12. I don’t know if others have had this experience, but at the time that I joined Maestronet I worked in a shop that had a very negative view of the site. The owner had read some posts in the early days and decided that Maestronet was a dangerous waste of time. When I took an interest in the forum, there was some serious discussion among the staff, and the owner and Vice President expressed concerns that any comments online could be used as a reflection of the shop, and there was a fear that information shared could give competing shops some kind of advantage. As a result, I joined under a pseudonym. I didn’t try very hard to be completely anonymous, as I chose a name that could be used to find me without too much difficulty. Once I started doing more to develop my own business and had more latitude to post, I started thinking about updating my profile. I chose to wait to make changes until I had published my website.
  13. Wedge cleats can be helpful for leveling as well. The cleat is made so it fits on one side of the crack and overhangs the other. You can then make a wedge to slide into the overhanging part of the cleat and level the crack. I’ve heard of the jack screw method David Burgess suggests and am intrigued by it, just haven’t tried it.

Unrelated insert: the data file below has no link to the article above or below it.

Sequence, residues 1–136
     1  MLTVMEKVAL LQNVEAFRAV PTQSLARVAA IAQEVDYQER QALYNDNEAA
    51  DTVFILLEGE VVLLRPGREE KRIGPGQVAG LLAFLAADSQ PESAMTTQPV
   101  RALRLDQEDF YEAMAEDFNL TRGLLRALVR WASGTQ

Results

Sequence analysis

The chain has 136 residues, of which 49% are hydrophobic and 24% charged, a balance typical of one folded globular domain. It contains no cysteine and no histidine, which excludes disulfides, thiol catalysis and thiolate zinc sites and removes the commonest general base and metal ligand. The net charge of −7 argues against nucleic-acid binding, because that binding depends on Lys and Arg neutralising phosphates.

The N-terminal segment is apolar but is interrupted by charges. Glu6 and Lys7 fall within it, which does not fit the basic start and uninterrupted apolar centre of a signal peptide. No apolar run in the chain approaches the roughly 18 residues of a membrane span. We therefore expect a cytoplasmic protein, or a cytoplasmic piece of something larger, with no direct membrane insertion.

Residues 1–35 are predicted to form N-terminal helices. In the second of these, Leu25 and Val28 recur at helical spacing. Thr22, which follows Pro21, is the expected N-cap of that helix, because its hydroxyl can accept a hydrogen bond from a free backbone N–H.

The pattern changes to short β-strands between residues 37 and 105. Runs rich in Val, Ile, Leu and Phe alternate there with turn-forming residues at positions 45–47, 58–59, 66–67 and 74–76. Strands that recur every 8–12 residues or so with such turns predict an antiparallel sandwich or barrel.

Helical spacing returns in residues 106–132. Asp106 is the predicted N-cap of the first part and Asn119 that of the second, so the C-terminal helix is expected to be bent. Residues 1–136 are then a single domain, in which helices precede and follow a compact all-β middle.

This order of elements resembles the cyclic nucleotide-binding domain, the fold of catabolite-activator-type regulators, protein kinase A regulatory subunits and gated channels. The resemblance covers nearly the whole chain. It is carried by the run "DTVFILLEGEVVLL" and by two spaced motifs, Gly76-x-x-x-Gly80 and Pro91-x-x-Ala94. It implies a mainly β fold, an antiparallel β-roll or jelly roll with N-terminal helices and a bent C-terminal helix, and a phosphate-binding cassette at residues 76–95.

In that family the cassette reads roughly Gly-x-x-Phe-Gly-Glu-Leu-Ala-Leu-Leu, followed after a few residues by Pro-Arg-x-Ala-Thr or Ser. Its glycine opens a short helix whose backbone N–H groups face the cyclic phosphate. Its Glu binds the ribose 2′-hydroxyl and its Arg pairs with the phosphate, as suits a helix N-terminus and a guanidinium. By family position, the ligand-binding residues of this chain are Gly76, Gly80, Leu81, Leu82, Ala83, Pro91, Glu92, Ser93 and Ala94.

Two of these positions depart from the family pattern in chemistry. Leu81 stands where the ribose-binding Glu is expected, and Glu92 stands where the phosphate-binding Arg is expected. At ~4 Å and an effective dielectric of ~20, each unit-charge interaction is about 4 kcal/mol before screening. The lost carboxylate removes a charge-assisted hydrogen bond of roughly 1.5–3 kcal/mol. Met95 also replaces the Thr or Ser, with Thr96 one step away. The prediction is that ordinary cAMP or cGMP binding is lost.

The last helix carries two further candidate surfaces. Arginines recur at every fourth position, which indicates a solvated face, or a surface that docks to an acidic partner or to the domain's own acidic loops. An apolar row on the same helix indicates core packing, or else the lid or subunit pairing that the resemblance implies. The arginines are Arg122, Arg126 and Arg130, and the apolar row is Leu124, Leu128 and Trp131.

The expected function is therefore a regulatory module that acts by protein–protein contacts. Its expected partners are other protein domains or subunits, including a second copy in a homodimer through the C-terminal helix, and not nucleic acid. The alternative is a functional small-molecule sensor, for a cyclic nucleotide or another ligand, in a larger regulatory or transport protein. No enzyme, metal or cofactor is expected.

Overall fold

14. I’ve used both a bandsaw and hand saw for cutting pegs to length. If the bandsaw blade is set up so there’s little travel you can get reliably good results. But a handsaw gets good results in almost the same amount of time. I’ve been using the hand saw more lately. Use what you find most helpful. If you don’t have a bandsaw, I wouldn’t recommend buying one just for pegs.
  15. The idea of standardization in Cremona is somewhat complicated. I think it’s true that there are a lot of violins that have a very similar style and appearance, but it’s hard to tell how much of that comes from the demands of buyers and how much comes from the similarities that arise when makers learn the same style. Having schools does tend to make style more uniform, but it also helps to raise the overall level of the workmanship. I’ve seen some quite nice modern violins coming in from Italy, both at the master level and at the workshop level. I believe there are makers in Italy whose instruments are recognizable. I hesitate to say they have more character because a determination of that kind strikes me as a little too subjective.